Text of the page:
Smokin'! (or not) with Portable/Bodycode, Jonah Sharp, John Acquaviva, Lazer Sword, and more
SUPER EGO Lately I'm loving, loving, loving all the undergrounds that have sprung up like little glowing polka-dot Mario mushrooms on the sodden Donkey Kong log of our 2 a.m. curfew — and those little glowing mushrooms have tiny ironic gold-tipped canes and shimmery faux-snakeskin dresses and kicky handbags with pictures of other kicky handbags on them and those totally fly winged Adidas high-tops like in the Rocky A$AP video , but not worn like they're trying far too hard to get a record deal. Because who needs a record deal? Not fluorescent afterhours Mario mushrooms, that's who doesn't.
Alas though, I quit smoking cigarettes a year ago, just to live, and I'm finding it hard to dance my way through the nicotine clouds that populate many extralegal spots. And while nothing could equal the cancerous onslaught that was Europe earlier this year (remind me never to tell you about being trapped in a Berlin anteroom with 200 chain-draggers while the police raided the bar outside), our persistent intake still gives me a lung sad. I know "the '90s are back!" but here's three things that retro can leave behind: meth, AIDS, and my hair smelling like the inside of Keith Richards' mouth-hole every morning so I puke. Also, Stone Temple Pilots. Sorry! :(
Lisbon-via-South Africa's Alan Abrahams splits his performing persona in twain. Portable is his more experimental techno half, rich in atmospherics and heady references to African rhythms, both native and contemporary. Bodycode, meanwhile, is more explicit in its references to soul, funk, and even '80s robot rock, with live vocal sampling and "a more body-moving aesthetic" as he terms it. Put them both together and the sum will transcend the whole at the warm and lively weekly Housepitality party.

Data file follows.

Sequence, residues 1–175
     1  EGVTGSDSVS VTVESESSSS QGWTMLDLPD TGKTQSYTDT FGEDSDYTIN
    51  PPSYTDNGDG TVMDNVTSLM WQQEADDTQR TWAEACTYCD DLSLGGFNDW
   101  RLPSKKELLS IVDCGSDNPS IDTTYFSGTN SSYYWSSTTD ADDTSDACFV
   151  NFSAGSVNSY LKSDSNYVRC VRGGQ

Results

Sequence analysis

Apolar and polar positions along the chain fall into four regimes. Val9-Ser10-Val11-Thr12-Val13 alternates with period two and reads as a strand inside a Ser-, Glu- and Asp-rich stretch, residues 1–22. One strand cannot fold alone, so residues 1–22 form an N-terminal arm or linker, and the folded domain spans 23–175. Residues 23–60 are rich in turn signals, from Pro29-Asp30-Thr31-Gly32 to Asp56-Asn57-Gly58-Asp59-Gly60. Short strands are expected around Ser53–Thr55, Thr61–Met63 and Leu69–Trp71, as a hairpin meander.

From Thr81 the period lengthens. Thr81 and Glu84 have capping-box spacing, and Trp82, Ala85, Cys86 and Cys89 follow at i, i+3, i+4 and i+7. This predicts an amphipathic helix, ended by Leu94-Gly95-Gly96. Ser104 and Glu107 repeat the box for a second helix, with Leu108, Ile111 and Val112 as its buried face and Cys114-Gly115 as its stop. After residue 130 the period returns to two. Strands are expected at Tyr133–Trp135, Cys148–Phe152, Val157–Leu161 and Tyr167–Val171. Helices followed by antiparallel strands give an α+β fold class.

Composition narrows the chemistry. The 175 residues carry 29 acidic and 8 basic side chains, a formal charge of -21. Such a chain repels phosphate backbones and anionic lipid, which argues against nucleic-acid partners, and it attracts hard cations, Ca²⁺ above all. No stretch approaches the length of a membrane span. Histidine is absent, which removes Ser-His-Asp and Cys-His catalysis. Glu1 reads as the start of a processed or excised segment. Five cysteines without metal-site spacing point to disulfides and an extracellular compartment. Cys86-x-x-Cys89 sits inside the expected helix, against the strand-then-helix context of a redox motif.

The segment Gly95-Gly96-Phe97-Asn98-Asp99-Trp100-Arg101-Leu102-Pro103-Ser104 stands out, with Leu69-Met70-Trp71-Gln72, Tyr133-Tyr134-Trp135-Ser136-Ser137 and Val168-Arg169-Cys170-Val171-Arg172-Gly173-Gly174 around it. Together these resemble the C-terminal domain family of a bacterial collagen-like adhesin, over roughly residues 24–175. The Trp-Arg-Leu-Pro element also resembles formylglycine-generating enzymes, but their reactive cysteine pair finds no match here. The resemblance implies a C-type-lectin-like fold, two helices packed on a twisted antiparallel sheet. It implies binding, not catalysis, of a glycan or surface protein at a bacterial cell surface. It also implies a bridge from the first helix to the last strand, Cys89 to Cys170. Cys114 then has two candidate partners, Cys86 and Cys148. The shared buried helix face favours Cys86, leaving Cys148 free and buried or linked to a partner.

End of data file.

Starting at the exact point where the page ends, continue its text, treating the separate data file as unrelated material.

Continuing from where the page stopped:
Wed/16, 9 p.m., $5 before 11 p.m., $10 after. Icon, 1192 Folsom, SF. Facebook: Housepitality
Amazingly crazy attire and behavior is always encouraged at the monthly Dial Up parties at Public Works — but wear something you can sweat through this time around as one of the best-known ambassadors of San Francisco's dance music community takes to the tables. His SpaceTime Continuum guise was super-influential in the 1990s, marrying sharp tech intelligence to ambient cosmic funk. (The revived STC has been killing it at festivals this year.) I adore his ongoing abstract, jazzy electronic-instrumental project with Heidelberg's Move D., called Reagenz, not quite as much as I adore his lovely wife, writer and longtime SF club muse Billee Sharp. Give it up for some real Bay underground.
Thu/17, 10 p.m., $5 (bring a toy for the Dolores Street Community Services toy drive if you can). Public Works, 161 Erie, SF. ww.publicsf.com
After a long absence — during which I'm sure they rescued Princess Zelda and slew a herd of 8-bit ostriches — the original local future bass duo of LL and Lando Kal (a.k.a. Antaeus Roy and Bryan Rutledge) is back to warp the woofers in a psycho hip-hop from outerspace Gameboy way. They'll be joined by the mesmerizing master of the MPC, Araabmuzik: seriously this dude is a powerhouse of filthy buttonpushing pleasure live. Plus Lunice, Satori, Bogl, and more for an insane all-night party called Witness.
Fri/18, 10 p..m.-late, $20 advance. 103 Harriet, SF. www.1015.com 
Detroit gets all the OG techno press, but its Canadian sister across the river, Windsor, Ontario was a hotbed of electronic dance creativity, too. Lauded Plastikman Richie Hawtin hails from there, of course. (He just released a lavish Plastikman 16-CD retrospective accompanied by a coffee-table book called Arkives that recounts the early Detroit-Windsor warehouse scene. Your crazy raver aunt will freaking go nuts for it, www.plastikman.com/arkives .) Now Hawtin's excellent partner in Canadian tech-crime in those early days, John Acquaviva, is getting back into general circulation as well, with a string of well-regarded tunes released this year. He's landing at Mighty with the "we.are.definitive" tour, which pays homage to his seminal Definitive Recordings label, launched in 1993 — look up "House For All"  by Blunted Dummies and you'll know what I'm talking about. Joining him for some good ol' Windsor wig-out is current Definitive partner Olivier Giaccomotto. We'll miss original Definitive kid Karl Kowalski, but these two will surely hold it down for the W.
Sat/19, 10 p.m.-late, $10 advance. Mighty, 119 Utah, SF. www.blasthaus.com